The more unique vendors included pet photography, pet portraits (get a painting of you and your pets), holistic care (aromatherapy, soothing drops), an animal communicator, animal massage, and a booth featuring a tooth spray for dogs. A mobile groomer had their van as their display, and did grooming right at the expo.
Overall, a day at the expo is always a good time, and you meet some great people and see some new products. Plus, lots of free samples!! Although I go to a lot of these events, I always seem to come across a new product that is designed to make a pet owners life easier.
Sunday, October 28, 2007
Check out this well written article about dogs and if they feel love. There really isn't a definitive answer, but this article presents some good arguements.
Friday, October 26, 2007
Take for example the Big E (Eastern States Exposition). This yearly event held for two weeks in Massachussets at the end of September represents the states of New England. Every year, I notice more and more displays dedicated to pets. And they all have their own angle, from home made pet treats (I never saw these sold at fairs until recently), to home made pet clothes, to speciality themed pet collars and leashes, there is always something to be found. And, it's not just those dedicated just to pets that are commonly found these days. Even non-pet specific vendors are selling pet products. Stands selling ornaments, stockings, and embroidered towels, and just an example of vendors who are adding pet products to their already large inventory of products.
Other, more localized, smaller fairs are also seeing pet vendors. We generally go to 3 or 4 local fairs a year, and there is always someone selling something pet related. Most of the time, it's the generic stuff found in stores, though other times its items so unique, I need to get an explaination of how it works.
Do these fairs bring in any business for the pet vendors? In speaking to some of them, fairs tend to be hit or miss. At some fairs, people are coming with their pockets full ready to spend on their pets, other times, not so much. However, those with websites say they do get an increase in hits during fall fair season stemming from the tons of fliers and business cards they give out to people.
Whether or not that leads to increased sales, however, is hard to guage. But based on the fact that these pet vendors are everywhere at fairs nowadays, I'm guessing the increased exposure is well worth the time, money and effort.
Everywhere you turn, there is a new pet business popping up.
Thursday, October 25, 2007
Dog hot spots are a result of a skin condition officially called pyotraumatic dermatitis. It is a bacterial infection that develops and rapidly spreads in the skin. Hot spots are painful to the dog, can emit pus and smell badly. Hair loss from around the infected area is common. Because dog hot spots are so painful and irritating many dogs will bite and scratch the area causing the infection to spread.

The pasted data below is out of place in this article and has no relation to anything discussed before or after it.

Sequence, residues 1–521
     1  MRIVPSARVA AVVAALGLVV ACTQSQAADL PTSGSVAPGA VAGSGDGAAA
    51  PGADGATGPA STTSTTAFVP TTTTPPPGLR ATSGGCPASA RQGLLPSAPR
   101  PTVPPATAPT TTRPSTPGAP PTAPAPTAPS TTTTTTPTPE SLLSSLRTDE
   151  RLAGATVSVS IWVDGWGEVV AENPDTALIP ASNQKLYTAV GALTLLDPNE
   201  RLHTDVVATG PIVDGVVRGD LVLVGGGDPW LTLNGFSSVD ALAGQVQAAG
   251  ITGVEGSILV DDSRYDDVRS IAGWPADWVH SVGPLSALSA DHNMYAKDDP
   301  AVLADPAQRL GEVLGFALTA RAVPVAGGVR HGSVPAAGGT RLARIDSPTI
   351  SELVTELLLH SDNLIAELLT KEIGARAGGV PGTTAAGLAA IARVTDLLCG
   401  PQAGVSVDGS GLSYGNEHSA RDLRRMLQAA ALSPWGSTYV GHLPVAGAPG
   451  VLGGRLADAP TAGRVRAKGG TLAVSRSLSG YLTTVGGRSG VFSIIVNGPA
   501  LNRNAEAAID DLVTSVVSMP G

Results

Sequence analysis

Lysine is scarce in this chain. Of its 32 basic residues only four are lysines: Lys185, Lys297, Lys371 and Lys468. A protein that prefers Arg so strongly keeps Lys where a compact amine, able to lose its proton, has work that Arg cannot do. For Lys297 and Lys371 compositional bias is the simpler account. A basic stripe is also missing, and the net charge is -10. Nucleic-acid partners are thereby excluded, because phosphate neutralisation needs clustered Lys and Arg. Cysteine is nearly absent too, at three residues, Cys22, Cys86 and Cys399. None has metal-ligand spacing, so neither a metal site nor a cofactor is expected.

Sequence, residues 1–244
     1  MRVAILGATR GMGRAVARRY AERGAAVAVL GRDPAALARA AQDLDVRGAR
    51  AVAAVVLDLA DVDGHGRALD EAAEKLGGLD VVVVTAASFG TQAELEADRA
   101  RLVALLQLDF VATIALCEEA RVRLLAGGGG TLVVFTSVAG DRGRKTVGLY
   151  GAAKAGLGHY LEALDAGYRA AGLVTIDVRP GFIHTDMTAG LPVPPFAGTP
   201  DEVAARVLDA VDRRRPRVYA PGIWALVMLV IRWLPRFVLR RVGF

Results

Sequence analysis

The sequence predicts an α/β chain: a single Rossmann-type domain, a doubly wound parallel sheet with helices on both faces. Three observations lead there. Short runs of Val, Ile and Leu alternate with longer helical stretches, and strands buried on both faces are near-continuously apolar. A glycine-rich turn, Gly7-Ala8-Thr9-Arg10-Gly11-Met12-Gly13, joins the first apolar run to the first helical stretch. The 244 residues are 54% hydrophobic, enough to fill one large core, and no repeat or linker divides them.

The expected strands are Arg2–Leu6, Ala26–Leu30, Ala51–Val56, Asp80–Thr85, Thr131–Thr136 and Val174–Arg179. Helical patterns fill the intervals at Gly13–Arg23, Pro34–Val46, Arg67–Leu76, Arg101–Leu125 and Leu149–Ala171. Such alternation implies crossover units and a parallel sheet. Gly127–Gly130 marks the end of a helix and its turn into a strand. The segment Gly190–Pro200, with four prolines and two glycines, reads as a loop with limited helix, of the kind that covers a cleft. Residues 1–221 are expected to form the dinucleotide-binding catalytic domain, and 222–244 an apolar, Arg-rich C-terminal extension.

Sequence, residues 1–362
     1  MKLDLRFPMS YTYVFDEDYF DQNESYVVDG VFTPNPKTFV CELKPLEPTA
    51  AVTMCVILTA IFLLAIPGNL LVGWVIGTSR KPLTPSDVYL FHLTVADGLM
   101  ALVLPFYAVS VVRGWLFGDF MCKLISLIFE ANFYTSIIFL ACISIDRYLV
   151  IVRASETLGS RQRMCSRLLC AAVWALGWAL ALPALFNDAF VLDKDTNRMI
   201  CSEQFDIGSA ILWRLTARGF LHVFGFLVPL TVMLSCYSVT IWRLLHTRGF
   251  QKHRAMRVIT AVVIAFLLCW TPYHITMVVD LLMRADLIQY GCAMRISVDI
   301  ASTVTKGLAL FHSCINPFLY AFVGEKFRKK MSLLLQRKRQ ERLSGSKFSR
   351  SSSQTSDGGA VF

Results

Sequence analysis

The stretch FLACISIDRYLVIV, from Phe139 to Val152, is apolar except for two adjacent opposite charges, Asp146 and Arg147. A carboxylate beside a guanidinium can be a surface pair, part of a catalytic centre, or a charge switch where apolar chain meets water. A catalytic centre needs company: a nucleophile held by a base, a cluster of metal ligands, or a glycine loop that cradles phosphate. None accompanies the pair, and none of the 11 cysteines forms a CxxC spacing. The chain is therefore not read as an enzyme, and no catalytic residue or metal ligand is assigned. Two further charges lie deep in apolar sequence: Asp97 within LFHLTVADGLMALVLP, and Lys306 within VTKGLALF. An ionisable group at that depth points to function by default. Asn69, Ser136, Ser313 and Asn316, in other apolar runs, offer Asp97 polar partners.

Although hot spots are most common in dogs with thick coats, they can occur in any breed. A common cause for hot spots is moisture getting caught next to the dog's skin, making an ideal spot for an infection to start. Moisture can become trapped by matted fur, a dog collar, or simply thick fur. Many times chronic dog hot spots stem from an allergic condition (which is most likely the case in my pup). Though some dogs are simply more prone to hot spots than others.
It is best to treat hot spots quickly to prevent further spreading of the infection, and for the relief of your dog. Also, some dogs will scratch at a hot spot to the point of breaking the skin. This makes the condition even more painful, and provides the opportunity for a more serious infection to occur.
As for the source of Rocco's condition? We know he has seasonal allergies. Plus, recently, someone bought our dog some generic "commercial" dog treats as a gift. Since we normally feed him so-called premium treats, it's possible that he has food allergies and the generic dog treats caused him to break out with the hot spot. That, combined with having thick fur, could be the cause. Hopefully, this will be the last time we have to worry about hot spots.
dog hot spots, allergies,
A man was driving down the road with twenty penguins in the back seat. The police stop him and say that he can't drive around with the penguins in the car and should take them to the zoo. The man agrees and drives off. The next day the same man is driving down the road with twenty penguins in the back and again. He is stopped by the same police officer who says, "Hey! I though I told you to take those to the zoo." The man replies "I did. Today I'm taking them to the movies."
What do whales like to chew? A: Blubber gum!
Q: What did the fish say when it hit a concrete wall? A: DAM